Tag Archives: Katine

Use a crowd, gain an expert

Karthika Muthukumaraswamy on how crowdsourcing experiments in journalism need to learn from their commercial counterparts – and how the end results could bring financial rewards for everyone.

The crowd has done a great deal for journalism: it has counted the number of SUVs on the streets of New York City, determined Bill Clinton’s financial impact on Hillary Clinton’s campaign, and offered valuable suggestions to transform an impoverished Ugandan village.

Ever since journalism jumped on the crowdsourcing bandwagon following innovative business models in T-shirt designing and problem solving, it has been baffled by the intensity of crowd response. Consequently, the media’s implementation of it has lacked the selection process that is essential to use crowdsourcing to its fullest potential.

There are only so many T-shirts that Threadless can make and sell; there are only so many solutions to Innocentive’s complex problems; and there are only so many photographs that iStockphoto consumers will purchase. Continue reading

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Crowdsourcing, the Guardian, and international aid programs (guest post by Rick Davies)

I recently invited Rick Davies, external monitor for the Guardian’s Katine project, to provide his insight into how much crowdsourcing has actually taken place – and what issues have arisen around that. This is his response:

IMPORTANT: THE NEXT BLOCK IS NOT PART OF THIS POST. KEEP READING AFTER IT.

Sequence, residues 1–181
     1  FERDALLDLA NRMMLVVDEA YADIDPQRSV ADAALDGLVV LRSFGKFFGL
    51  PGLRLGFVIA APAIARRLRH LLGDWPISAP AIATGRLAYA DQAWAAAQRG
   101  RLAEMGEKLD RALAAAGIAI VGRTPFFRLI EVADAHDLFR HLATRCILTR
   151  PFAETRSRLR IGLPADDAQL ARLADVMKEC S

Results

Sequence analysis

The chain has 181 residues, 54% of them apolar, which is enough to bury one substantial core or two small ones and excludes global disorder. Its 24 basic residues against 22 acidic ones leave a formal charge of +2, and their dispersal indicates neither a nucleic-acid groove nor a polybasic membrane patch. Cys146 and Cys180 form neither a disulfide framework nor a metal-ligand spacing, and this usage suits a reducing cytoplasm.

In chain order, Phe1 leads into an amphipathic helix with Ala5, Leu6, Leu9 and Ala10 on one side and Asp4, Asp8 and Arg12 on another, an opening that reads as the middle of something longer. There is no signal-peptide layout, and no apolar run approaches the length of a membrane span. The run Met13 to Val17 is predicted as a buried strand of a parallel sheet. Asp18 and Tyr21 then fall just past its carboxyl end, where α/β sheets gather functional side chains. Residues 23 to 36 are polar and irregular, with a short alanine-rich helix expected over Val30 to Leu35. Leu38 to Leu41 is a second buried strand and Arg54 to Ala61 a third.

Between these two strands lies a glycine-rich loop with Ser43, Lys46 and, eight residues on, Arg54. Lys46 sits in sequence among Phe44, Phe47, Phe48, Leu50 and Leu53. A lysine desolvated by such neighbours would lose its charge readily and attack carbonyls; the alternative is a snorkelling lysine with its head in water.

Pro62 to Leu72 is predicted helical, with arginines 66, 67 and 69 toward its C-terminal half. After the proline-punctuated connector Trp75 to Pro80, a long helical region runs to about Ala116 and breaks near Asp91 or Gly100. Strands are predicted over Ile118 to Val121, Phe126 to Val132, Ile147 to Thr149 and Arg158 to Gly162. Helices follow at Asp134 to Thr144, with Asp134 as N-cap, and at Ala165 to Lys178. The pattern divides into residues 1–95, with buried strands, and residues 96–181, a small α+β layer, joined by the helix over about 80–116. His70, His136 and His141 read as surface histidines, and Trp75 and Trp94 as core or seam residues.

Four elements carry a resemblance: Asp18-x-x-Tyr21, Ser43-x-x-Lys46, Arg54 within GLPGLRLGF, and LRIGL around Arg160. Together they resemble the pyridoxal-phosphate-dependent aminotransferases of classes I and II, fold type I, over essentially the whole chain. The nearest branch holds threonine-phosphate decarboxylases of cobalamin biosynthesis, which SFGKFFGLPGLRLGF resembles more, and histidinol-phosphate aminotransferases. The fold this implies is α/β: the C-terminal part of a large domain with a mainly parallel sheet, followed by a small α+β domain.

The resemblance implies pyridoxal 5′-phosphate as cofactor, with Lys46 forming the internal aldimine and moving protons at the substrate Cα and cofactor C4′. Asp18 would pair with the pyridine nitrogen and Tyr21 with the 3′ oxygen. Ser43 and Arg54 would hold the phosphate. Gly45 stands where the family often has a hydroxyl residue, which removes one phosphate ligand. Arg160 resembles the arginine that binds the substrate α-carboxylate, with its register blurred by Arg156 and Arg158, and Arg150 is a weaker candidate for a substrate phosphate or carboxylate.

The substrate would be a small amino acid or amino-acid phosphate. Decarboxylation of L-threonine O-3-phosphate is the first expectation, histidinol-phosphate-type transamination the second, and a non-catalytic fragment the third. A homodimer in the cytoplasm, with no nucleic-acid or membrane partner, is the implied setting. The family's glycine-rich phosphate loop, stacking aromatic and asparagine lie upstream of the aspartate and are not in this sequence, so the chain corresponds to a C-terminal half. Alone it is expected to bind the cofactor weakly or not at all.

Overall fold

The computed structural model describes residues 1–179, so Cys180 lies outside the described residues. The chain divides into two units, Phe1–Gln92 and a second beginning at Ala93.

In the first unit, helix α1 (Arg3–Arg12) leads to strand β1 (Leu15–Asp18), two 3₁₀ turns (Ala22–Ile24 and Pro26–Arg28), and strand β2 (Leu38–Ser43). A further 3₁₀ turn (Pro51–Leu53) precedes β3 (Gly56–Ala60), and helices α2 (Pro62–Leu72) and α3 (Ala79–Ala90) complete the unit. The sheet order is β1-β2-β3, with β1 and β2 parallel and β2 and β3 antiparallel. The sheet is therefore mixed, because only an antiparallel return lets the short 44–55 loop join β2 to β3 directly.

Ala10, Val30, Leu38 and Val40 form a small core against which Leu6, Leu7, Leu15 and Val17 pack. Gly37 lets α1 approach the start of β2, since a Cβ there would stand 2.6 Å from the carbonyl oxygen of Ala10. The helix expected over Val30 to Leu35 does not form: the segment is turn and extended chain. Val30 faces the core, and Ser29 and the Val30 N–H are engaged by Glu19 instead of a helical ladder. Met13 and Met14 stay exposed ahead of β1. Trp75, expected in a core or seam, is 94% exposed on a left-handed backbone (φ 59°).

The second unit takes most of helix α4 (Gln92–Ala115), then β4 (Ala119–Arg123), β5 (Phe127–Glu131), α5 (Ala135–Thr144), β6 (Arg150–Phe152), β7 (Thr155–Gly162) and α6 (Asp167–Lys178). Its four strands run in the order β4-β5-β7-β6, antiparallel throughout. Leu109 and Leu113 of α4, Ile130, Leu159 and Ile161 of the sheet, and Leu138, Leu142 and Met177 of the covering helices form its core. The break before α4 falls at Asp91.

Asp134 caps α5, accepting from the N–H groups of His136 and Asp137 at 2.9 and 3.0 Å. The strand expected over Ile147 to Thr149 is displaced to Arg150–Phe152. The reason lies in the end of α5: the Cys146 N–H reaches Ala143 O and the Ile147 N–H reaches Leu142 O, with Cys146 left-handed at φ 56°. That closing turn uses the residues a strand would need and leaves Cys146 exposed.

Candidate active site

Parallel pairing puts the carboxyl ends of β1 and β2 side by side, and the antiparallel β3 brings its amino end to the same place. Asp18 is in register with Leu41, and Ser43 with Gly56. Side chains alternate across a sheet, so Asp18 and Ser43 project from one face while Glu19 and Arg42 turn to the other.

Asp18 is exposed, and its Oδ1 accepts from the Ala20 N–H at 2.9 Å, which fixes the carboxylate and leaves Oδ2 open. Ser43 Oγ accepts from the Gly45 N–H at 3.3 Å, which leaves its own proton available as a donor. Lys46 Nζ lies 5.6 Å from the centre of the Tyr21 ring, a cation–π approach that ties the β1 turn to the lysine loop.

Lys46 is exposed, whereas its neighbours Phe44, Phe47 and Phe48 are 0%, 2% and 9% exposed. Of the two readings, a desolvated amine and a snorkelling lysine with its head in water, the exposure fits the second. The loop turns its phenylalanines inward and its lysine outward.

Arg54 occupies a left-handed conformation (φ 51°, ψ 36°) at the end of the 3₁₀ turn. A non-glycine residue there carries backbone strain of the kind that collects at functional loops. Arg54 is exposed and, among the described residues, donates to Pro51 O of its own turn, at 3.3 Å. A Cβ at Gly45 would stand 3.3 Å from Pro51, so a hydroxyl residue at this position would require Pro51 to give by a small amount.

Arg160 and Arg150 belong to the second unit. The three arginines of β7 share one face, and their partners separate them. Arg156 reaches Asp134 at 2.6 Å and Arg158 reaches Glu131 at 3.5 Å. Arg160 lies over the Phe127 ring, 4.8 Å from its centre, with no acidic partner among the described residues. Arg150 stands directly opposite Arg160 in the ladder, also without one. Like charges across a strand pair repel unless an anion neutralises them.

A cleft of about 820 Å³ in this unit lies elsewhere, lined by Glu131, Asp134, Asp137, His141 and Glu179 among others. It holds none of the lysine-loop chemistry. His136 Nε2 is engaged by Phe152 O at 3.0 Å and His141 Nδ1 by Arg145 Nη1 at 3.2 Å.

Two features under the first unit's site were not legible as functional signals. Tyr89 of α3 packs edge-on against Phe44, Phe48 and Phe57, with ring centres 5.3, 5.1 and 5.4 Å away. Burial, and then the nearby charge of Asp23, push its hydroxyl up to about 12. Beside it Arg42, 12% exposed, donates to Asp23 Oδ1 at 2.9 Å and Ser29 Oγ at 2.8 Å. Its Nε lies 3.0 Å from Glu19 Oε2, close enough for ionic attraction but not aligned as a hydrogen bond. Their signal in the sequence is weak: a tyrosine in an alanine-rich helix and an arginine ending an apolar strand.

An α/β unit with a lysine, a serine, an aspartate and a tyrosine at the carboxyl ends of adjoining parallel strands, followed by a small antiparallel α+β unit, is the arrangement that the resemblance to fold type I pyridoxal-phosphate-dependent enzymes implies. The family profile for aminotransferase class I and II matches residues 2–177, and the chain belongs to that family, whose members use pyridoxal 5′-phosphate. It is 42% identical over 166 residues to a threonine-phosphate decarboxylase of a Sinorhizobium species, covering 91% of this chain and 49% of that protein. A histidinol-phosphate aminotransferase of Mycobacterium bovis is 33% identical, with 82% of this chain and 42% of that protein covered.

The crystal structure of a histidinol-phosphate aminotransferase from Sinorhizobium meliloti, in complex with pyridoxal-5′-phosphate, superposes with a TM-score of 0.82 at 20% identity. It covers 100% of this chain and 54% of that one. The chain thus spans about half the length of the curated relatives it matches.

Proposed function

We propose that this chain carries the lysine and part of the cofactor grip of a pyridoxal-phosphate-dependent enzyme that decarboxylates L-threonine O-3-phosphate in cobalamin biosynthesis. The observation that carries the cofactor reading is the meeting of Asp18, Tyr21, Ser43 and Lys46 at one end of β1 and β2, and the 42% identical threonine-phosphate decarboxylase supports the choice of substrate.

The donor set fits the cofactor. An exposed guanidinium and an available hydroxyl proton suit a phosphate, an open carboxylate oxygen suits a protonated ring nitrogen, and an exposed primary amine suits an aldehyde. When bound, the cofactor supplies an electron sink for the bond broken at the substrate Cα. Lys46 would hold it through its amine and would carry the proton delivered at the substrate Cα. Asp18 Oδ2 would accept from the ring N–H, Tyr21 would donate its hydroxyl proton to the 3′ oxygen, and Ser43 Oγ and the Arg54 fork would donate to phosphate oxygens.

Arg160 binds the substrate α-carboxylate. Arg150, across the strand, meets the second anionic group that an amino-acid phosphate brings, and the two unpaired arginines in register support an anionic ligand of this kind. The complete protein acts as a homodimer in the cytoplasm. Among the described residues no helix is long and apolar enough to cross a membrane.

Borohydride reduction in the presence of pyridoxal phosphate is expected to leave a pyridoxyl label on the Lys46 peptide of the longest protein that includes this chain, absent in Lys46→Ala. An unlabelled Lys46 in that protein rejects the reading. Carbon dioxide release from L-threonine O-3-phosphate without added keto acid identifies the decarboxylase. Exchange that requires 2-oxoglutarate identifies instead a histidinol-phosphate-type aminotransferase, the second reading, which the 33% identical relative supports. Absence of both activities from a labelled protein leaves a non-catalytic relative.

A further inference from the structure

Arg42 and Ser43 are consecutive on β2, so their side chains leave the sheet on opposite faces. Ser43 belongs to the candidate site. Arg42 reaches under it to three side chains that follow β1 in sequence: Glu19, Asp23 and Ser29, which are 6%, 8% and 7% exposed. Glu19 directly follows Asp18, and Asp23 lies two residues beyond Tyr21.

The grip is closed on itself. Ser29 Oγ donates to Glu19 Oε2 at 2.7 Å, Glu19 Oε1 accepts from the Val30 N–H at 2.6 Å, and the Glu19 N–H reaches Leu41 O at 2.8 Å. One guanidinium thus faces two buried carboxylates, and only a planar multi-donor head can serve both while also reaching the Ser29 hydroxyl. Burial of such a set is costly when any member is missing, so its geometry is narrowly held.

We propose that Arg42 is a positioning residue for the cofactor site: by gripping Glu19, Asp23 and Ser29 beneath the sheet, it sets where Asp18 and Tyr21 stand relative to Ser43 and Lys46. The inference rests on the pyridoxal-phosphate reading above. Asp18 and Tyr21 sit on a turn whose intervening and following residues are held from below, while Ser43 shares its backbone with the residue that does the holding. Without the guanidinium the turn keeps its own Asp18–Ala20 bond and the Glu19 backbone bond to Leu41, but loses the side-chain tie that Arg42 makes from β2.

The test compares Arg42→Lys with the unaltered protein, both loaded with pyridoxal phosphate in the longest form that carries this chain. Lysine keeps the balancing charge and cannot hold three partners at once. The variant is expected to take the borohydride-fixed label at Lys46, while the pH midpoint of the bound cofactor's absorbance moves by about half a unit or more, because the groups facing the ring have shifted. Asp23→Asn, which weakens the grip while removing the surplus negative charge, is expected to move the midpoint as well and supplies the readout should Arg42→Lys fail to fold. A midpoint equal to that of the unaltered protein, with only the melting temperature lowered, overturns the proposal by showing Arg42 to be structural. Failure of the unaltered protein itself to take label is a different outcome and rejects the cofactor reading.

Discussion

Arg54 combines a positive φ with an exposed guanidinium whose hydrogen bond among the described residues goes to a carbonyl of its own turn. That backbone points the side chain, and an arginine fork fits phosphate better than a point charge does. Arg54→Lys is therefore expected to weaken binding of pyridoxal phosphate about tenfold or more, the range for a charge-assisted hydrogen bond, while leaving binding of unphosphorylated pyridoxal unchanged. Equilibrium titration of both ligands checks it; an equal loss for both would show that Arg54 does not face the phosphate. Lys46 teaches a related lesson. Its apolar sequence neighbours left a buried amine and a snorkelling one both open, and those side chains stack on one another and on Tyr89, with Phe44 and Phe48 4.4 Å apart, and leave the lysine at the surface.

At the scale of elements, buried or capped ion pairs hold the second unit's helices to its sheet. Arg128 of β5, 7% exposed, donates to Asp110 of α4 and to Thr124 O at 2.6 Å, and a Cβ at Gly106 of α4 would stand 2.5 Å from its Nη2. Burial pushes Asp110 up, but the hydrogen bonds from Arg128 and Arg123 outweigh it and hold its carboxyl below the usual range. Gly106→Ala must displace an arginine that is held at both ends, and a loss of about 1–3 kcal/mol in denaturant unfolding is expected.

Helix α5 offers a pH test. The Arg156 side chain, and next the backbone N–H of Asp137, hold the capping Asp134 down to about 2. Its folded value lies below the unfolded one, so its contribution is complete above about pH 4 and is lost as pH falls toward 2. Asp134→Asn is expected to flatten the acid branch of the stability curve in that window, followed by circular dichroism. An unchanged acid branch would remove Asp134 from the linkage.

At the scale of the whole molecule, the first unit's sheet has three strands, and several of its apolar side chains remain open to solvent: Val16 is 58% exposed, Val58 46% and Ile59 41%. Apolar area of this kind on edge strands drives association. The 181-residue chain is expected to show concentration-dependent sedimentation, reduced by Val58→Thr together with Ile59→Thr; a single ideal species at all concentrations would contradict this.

In October 2007 Paul wrote an enthusiastic post about the Guardian’s involvement in what could be seen as a crowdsourcing experiment with AMREF, an African NGO working in Katine sub-country in Uganda, and supported by the Guardian.  In that post Paul quoted Guardian editor Alan Rusbridger:

“We’ll need money obviously. But, just as importantly we need advice and involvement. Among our readers are water engineers, doctors, solar energy experts, businessmen and women, teachers, nurses, farmers. We absolutely don’t need a stampede of volunteers, but we would like a technical know-how bank of people who are prepared to offer time and advice. We’ll let you know how to get involved as we go.” Continue reading

Katine: Guardian does something very special indeed with crowdsourcing

If you have ten minutes today, click along to Katine: it starts with a village. With this project The Guardian is doing something very special indeed with crowdsourcing, interactive storytelling, and journalism itself.

Launched over the weekend, Katine appears to be a new approach to “the annual appeal to focus attention on worthwhile causes during the pre-Christmas giving season”. Editor Alan Rusbridger explains: Continue reading